In the present embodiment, source node 1610 encodes and/or encrypts a stream of data packets and sends these data packets to transcoder 1620, as described above. In one embodiment, each of the data packets in the stream has a header portion and a payload portion (see
In the present embodiment, transcoder 1620 performs a transcoding function on the data packets received from source node 1610. The transcoding function performed by transcoder 1620 is described in conjunction with
Of particular significance, in accordance with the present invention, transcoder 1620 performs a transcoding function without decrypting and/or decoding the data packets (specifically, the media data in the data packets). In the embodiment in which the data packets have a header portion and a payload portion, and where the header portion is encrypted, transcoder 1620 only decrypts the header portion. In either case, in comparison to a conventional transcoder, transcoder 1620 of the present invention requires less computational resources because there is no need to decrypt the media data. In addition, the present invention provides end-to-end security while enabling very low complexity transcoding to be performed at intermediate, possibly untrusted, nodes without compromising the security of the media data.
Continuing with reference to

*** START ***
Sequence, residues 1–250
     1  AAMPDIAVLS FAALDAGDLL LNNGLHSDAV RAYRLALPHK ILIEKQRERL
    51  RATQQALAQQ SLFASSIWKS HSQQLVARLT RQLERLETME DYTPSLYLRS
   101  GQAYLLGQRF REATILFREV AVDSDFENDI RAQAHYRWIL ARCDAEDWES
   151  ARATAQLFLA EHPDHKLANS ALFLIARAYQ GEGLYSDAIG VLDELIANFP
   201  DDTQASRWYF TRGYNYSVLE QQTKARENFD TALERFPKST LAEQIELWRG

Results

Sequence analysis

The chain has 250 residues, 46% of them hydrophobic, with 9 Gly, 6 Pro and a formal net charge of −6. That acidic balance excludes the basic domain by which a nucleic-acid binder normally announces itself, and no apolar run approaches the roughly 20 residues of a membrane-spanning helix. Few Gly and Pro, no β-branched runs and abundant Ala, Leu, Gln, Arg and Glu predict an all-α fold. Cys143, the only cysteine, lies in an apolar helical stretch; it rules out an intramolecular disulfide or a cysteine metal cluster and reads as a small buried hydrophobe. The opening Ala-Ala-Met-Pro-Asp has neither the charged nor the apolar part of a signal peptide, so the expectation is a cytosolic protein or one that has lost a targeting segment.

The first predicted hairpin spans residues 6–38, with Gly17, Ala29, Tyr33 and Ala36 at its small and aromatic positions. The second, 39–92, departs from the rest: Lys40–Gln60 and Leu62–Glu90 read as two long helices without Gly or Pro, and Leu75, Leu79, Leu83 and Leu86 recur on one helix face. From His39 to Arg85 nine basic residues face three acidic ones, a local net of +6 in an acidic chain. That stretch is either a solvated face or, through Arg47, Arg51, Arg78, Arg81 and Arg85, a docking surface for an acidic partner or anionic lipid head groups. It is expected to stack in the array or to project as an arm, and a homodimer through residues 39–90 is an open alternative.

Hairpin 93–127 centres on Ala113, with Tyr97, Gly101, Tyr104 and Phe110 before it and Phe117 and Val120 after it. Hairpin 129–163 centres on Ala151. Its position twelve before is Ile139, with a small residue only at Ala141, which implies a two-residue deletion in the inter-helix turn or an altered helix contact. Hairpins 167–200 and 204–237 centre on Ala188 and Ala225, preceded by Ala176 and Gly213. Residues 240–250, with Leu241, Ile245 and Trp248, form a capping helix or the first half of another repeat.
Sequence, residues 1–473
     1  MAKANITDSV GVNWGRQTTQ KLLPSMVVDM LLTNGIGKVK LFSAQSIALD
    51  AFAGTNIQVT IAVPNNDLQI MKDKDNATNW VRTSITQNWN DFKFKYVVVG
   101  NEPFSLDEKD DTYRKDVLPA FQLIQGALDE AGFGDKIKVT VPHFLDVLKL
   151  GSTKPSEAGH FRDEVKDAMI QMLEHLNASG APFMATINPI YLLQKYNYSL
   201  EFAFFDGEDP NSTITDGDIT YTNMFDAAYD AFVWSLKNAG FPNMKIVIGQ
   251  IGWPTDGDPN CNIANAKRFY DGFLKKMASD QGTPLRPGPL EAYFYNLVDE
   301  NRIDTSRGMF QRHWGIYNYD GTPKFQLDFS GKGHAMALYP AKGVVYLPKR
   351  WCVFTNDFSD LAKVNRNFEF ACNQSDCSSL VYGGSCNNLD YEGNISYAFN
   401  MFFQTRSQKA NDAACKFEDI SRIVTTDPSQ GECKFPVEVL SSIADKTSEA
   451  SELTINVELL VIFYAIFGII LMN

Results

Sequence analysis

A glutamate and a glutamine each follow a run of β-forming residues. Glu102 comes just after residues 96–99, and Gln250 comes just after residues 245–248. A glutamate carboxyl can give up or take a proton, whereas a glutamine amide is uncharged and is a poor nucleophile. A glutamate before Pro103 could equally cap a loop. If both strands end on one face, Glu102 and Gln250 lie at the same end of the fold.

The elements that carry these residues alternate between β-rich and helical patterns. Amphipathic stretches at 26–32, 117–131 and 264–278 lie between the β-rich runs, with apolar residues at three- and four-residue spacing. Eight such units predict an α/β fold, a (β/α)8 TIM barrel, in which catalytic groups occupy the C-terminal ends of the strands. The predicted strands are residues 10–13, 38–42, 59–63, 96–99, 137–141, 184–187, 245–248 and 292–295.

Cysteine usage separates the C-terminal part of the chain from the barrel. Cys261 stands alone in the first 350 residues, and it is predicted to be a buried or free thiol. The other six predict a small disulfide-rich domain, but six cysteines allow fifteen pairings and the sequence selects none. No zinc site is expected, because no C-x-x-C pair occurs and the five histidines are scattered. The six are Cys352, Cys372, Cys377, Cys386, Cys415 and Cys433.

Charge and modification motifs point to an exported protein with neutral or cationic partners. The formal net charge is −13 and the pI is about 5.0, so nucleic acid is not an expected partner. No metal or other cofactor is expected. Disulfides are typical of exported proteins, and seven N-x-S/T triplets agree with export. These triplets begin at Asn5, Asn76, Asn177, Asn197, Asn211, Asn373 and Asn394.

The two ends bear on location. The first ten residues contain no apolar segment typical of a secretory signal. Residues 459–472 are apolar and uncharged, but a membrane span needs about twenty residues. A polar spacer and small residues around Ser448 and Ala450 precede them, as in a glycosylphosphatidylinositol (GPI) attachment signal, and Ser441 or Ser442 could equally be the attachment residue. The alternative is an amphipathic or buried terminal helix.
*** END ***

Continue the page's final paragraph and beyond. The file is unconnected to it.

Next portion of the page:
In the present embodiment, after transcoding, transcoder 1620 sends the resultant stream of data packets, comprising the encoded and encrypted data packets, to receiving node 1630.
Continuing with reference to
In accordance with the present invention, the method for transcoding data packets is performed on the encrypted data packets; that is, the media data are not decrypted. Transcoding functions can include truncation of the data packets (specifically, the payload portions of the data packets), eliminating certain data packets from the stream, or passing the data packets through without modification.
With reference first to
For example, the header portion may contain information specifying recommended points (e.g., a number of a bit) for truncating the payload portion of the data packets. It is appreciated that each data packet may have a different truncation point. The recommended truncation point can be selected using a variety of techniques. In one embodiment, the truncation point for each data packet is specified according to an analysis such as a rate-distortion (RD) analysis, so that the stream of data packets can be compressed to a rate that is RD optimal or near-RD optimal. In another embodiment, the header portion contains information that describes the RD curves generated by the RD analysis, and the truncation points are derived from further analysis of the RD curves.